Coiba National Park
Coiba National Park is an important place for the survival and study of many species of fish and marine mammals.
The park protects Coiba Island, 38 smaller islands and the surrounding marine areas within the Gulf of Chiriquí.
Coiba Island is covered with primary forest, one of the last relicts of tropical moist forest in the region. It has many (endemic) birds. The marine zone is home to 760 species of fish, 33 shark species and 20 cetacean species.
After Coiba got disconnected from the mainland (some 12,000 years ago), new fauna and flora species are being formed, turning the island into a scientific laboratory.
Map of Coiba National ParkLoad map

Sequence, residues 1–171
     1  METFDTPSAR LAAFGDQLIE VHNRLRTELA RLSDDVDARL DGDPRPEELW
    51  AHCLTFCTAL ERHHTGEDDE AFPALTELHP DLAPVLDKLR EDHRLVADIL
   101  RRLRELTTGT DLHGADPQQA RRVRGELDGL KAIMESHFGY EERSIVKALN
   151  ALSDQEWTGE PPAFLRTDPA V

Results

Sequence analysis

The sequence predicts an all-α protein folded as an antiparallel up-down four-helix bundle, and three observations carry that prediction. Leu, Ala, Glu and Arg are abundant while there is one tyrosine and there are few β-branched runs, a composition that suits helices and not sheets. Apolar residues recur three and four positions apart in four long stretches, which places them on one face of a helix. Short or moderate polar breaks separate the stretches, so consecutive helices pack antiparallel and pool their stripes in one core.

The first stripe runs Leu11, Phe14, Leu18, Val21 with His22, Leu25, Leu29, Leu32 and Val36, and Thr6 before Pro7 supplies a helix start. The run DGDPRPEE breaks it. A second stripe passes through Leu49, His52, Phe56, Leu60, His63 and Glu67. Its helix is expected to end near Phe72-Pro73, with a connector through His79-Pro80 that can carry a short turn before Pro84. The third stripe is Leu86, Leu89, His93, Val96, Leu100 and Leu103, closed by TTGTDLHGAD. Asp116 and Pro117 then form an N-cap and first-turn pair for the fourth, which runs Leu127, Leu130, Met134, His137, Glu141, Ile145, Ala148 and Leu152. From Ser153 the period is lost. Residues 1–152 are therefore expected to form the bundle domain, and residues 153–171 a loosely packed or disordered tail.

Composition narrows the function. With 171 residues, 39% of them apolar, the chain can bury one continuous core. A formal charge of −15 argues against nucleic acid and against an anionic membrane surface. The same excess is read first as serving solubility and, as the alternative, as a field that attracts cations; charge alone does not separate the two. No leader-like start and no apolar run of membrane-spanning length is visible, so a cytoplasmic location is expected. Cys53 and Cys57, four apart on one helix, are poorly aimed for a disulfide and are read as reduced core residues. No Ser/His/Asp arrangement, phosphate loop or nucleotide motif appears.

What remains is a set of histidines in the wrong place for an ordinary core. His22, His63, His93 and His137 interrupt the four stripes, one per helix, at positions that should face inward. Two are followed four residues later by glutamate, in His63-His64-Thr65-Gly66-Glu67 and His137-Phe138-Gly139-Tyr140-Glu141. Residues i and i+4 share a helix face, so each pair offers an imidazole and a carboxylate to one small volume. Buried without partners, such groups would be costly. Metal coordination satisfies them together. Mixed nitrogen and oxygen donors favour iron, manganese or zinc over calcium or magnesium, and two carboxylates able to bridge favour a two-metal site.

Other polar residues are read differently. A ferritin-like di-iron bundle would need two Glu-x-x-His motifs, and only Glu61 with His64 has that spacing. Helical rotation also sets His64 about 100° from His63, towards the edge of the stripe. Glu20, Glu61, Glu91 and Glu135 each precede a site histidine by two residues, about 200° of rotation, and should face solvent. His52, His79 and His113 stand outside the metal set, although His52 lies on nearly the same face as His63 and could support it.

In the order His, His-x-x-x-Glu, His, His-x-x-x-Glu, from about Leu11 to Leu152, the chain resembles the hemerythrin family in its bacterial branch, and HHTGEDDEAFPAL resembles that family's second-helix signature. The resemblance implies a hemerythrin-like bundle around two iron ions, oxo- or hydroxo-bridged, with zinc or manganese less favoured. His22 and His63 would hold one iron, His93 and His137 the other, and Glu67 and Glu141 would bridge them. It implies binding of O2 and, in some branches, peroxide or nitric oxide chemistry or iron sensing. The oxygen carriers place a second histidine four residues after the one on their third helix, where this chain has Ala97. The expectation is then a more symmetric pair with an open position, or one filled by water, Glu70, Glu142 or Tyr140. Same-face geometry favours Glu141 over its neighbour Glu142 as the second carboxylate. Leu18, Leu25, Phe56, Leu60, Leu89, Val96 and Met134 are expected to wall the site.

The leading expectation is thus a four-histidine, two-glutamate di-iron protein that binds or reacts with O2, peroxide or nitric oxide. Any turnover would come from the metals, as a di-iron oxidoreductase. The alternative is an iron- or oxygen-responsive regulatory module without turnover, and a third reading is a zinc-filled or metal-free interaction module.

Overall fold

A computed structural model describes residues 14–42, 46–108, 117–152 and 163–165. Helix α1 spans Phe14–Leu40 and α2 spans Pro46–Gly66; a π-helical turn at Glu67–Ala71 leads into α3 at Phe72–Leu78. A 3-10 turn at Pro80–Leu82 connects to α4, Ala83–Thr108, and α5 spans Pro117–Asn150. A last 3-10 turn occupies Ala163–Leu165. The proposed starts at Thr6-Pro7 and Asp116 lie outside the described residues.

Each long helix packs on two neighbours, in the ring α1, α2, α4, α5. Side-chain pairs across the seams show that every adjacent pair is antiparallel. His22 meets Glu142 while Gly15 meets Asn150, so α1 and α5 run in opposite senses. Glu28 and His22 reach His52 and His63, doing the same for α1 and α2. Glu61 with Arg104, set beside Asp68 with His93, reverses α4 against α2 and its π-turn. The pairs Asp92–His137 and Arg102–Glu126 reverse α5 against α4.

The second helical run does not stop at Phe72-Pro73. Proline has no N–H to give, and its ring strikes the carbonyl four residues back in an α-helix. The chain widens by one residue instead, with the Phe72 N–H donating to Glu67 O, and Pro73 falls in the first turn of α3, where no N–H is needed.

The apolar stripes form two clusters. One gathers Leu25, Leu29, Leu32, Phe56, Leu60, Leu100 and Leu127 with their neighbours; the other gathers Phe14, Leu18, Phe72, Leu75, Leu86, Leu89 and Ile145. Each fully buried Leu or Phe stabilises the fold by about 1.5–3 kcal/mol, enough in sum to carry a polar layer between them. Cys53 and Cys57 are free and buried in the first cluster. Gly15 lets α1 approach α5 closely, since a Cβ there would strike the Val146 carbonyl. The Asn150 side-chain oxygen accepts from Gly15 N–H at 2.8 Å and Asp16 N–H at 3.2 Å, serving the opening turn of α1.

I had the pleasure of spending an entire day surfing some of the most beautiful and untouched breaks of Coiba in the summer of 2006. After about an hour and a half boat ride from Santa Catalina, we arrived on an uninhabited paradise of jungle reaching down to the beaches and cliffs aiming towards the heavens. We explored many of the point breaks and did a bit of snorkeling near a few reefs sheltered from the larger waves arriving from the south. The highlight of the day trip including a two hour session surfing on the west side where I spent the majority of my time observing the Scarlett Maccaws flying overhead and landing on the beach only feet away! Be advised though, this island is nature at its finest and most untouched, which comes from my observation of several large shadows circling underneath my board at one point in time... My guess, bull or whitetip sharks investigating the strange creatures that had stopped by for a visit and to take in the wonders of this gorgeous island!
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